The ASOS share price: where will it go next?

The ASOS share price has been under pressure recently. This Fool explains why he thinks the stock could fall further as growth slows.

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The ASOS (LSE: ASC) share price used to be a market darling. From its IPO in October 2001 to its all-time high in March 2018, the stock returned more than 31,000%. No, that is not a typo. 

Unfortunately, the company has since fallen from grace. The stock is off around 80% from its all-time high. Over the past year, shares in the online fashion giant have fallen 71%. 

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Shares in the corporation have come under pressure as it has faced numerous challenges. Even though revenue has increased by a double-digit percentage over the past year, a number of operational issues have hit profits. For the quarter ending August 2021, the company’s revenues increased 16% year-on-year, but net income declined 50%.

It looks to me as if investors are concentrating on the stock’s negatives, rather than focusing on its positives. That could be a mistake. 

ASOS share price outlook

Since its founding, ASOS has redefined the online fashion market, and the business is not going anywhere anytime soon. Neither is the wider online fashion market. In fact, I think the market is only going to expand over the next couple of years. As one of the largest retailers in the space, the enterprise should benefit from this growth. 

That said, the business will only benefit from this growth if it gets its house in order. Over the past couple of years, ASOS has had to deal with a range of operational issues, and profits have suffered. It needs to prove to the market that these issues are behind the enterprise. Management also needs to prove that the company has what it takes to compete effectively in the highly competitive online fashion market.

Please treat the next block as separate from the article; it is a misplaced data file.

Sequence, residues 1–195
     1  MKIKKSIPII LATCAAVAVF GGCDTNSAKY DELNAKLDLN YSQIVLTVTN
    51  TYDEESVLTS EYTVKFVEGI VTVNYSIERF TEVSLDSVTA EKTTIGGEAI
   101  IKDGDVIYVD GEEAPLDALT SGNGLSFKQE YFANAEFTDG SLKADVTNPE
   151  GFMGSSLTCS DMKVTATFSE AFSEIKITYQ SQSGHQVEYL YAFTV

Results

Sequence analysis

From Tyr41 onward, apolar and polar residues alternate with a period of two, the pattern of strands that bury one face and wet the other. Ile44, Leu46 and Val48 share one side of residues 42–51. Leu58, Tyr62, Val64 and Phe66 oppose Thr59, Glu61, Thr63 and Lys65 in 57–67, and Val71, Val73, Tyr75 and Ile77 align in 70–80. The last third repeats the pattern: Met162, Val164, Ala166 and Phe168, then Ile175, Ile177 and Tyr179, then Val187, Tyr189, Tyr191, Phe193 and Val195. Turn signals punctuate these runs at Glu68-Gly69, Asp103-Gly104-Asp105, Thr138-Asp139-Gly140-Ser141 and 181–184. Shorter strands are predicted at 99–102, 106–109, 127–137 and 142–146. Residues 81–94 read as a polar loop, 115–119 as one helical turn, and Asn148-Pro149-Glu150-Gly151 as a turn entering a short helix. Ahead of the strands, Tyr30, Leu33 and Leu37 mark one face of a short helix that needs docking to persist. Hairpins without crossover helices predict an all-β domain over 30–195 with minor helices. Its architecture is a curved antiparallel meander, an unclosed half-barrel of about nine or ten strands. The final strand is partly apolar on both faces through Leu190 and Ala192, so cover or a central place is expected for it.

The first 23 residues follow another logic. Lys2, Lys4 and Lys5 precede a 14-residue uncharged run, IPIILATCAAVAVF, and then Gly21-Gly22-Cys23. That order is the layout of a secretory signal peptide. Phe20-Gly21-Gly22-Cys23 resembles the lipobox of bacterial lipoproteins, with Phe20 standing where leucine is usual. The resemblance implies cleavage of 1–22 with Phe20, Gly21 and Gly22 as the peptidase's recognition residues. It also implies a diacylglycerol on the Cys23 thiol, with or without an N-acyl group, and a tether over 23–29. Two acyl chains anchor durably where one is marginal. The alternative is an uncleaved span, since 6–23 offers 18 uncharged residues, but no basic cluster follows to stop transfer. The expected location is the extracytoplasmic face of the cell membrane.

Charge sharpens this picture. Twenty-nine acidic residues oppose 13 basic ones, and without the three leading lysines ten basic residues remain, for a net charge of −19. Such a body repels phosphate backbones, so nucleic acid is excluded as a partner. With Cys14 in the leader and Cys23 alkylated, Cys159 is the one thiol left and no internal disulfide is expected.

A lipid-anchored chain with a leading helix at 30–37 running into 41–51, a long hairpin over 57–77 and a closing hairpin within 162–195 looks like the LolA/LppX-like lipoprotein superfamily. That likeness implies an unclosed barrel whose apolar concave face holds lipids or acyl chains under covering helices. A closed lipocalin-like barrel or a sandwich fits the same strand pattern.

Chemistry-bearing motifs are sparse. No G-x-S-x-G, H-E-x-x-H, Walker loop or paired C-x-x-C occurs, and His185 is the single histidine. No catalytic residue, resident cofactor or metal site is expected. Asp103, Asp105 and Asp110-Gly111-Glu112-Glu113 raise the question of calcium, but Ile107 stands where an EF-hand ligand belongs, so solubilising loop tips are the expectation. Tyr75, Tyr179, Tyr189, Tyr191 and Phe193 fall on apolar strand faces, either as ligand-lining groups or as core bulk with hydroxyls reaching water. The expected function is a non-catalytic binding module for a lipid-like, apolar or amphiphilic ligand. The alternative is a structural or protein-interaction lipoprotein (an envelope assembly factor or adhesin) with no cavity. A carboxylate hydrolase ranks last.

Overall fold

Another factor I think has contributed to the recent performance of the ASOS share price is the company’s valuation. The stock has always commanded a high earnings multiple.


Its five-year average price-to-earnings (P/E) multiple is around 50. This did not leave much room for disappointment. As the company’s growth has disappointed, the market has re-rated the business down to a lower earnings multiple.

At the time of writing, the stock is trading at a forward P/E of 18.6. That is still a bit on the high side for a firm that analysts expect to report a 31% decline in earnings this year. 

So, overall, I think it is likely that the ASOS share price will continue to languish as the company works through its issues. The organisation does have tremendous potential as it rides the growth of the e-commerce market over the next decade or so.

However, it needs to prove to the market and investors that it can grow sustainably without incurring high costs from organisational disruption. In the meantime, investors may continue to bulk at paying a high multiple for a company that is struggling to grow.

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Rupert Hargreaves has no position in any of the shares mentioned. The Motley Fool UK has recommended ASOS. Views expressed on the companies mentioned in this article are those of the writer and therefore may differ from the official recommendations we make in our subscription services such as Share Advisor, Hidden Winners and Pro. Here at The Motley Fool we believe that considering a diverse range of insights makes us better investors.

Should you invest the value of your investment may rise or fall and your Capital is at Risk. Before investing your individual circumstances should be considered, so you should consider taking independent financial advice.

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